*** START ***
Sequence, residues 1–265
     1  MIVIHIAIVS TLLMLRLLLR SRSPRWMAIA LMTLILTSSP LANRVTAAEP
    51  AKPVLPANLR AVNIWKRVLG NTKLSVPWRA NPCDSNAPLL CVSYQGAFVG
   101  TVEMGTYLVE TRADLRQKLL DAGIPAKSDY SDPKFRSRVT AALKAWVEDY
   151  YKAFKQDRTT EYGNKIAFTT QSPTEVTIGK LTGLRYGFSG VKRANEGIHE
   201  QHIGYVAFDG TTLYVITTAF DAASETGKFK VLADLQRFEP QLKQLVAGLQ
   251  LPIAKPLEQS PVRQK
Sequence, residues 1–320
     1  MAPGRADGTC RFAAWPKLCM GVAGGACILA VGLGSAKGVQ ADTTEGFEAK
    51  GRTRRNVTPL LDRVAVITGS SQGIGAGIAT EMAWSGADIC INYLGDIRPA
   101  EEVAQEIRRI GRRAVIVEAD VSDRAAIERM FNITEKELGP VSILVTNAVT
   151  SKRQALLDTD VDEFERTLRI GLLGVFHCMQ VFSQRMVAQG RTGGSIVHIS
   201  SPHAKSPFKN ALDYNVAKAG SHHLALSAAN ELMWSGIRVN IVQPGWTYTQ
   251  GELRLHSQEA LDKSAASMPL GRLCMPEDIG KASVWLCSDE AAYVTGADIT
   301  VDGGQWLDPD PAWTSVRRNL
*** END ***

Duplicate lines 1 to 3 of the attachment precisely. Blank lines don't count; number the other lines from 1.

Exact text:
Sequence, residues 1–265
     1  MIVIHIAIVS TLLMLRLLLR SRSPRWMAIA LMTLILTSSP LANRVTAAEP
    51  AKPVLPANLR AVNIWKRVLG NTKLSVPWRA NPCDSNAPLL CVSYQGAFVG